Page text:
As recently as last week, Kremlin spokesman Dmitry Peskov said that “It cannot be ruled out” that the Russian leader will visit that country later this year, “But no decision has been made yet.” Nevertheless, “India’s Invitation For Putin To Attend This Year’s G20 Summit Proves That He Isn’t A ‘Pariah’”, which infuriated the US-led West’s Golden Billion to no end. This de facto New Cold War bloc knows that his attendance at that event would shatter perceptions about their global influence once and for all.
The New York Times already predicted at the end of last year that “Russia’s War Could Make It India’s World”, informing their audience that this South Asian state has masterfully managed to accelerate its rise as a globally significant Great Power throughout the course of the past year’s chaotic developments. The British High Commissioner to India even recently opined that his host country is poised to become “one of the three defining countries in the world, the US and China being the others.”
His words circumstantiate predictions about the impending trifurcation of International Relations into the US-led West’s Golden Billion, the Sino-Russo Entente, and the de facto Indian-led Global South. The relevance of this insight to the present piece is that Robertson sought to fearmonger about President Putin’s potential trip to India in his article, which lends weight to the claim that the ICC wanted to take revenge against Russia for the West’s failure to isolate it by limiting its leader’s foreign travel options.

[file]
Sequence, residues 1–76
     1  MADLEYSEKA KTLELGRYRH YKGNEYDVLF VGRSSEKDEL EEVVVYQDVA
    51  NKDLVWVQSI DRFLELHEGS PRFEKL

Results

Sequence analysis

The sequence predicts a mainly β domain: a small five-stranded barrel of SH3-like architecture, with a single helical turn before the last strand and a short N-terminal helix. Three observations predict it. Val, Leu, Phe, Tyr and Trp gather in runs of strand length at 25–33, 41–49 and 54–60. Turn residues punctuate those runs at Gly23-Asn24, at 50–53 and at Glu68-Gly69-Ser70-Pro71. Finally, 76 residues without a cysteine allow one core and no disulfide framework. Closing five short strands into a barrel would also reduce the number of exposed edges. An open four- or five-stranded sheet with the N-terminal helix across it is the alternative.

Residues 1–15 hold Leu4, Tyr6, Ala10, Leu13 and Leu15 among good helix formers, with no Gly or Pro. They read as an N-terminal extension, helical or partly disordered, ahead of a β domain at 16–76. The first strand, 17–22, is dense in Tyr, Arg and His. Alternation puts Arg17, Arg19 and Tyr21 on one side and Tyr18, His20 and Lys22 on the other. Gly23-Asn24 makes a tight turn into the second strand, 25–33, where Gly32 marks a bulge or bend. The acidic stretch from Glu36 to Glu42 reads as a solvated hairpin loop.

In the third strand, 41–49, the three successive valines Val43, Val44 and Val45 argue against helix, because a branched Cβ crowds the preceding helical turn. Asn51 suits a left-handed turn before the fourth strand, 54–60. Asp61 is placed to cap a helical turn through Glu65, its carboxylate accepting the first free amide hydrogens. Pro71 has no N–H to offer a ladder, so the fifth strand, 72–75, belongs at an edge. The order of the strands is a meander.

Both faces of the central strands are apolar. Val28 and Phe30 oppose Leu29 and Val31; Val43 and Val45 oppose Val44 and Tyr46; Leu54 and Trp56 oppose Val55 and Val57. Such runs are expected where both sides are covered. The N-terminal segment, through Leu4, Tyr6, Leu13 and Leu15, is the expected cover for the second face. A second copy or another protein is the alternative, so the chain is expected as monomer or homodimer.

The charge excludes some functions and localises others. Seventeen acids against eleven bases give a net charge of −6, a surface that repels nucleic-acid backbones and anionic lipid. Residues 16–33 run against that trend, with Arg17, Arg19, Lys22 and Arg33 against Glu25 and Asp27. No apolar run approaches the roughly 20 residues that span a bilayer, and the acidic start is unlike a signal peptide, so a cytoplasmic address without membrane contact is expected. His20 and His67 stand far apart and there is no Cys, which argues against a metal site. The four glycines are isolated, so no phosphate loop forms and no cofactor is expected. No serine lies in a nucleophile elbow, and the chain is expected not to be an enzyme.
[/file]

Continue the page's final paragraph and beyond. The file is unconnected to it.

CNN’s International Diplomatic Editor wrote that “Putin faces a dilemma now, if he shows up in Delhi for this year’s G20 in September. India, like the USA, is not signed up to the ICC, but what will Prime Minister Narendra Modi do?” There’s no realistic chance that this will happen, but speculating otherwise is intended to deter President Putin from traveling to India for the SCO and BRICS Summits as well as sow the seeds of suspicion in the Russian-Indian Strategic Partnership.
Robertson then added that “Without careful planning Putin could touch down in a country apparently unaligned with the ICC and not beholden to the international law requirements he be handed over to the Hague, yet for unseen international political pressure, or their own new found desire for international justice triggering a legal process to get him to the Hague.” This particular passage is intended to scare the Russian leader away from traveling to any country in the Global South.
“Containing” President Putin To China
Amidst the impending trifurcation of International Relations that was previously touched upon, this could essentially limit President Putin to only ever traveling to China, with which Russia is nowadays in an unofficial entente. The preceding observation, however, is only relevant in the event that his security services either assess that there’s a credible risk of Robertson’s scenario transpiring or potential host countries signal behind the scenes that they don’t want the negative optics of him visiting.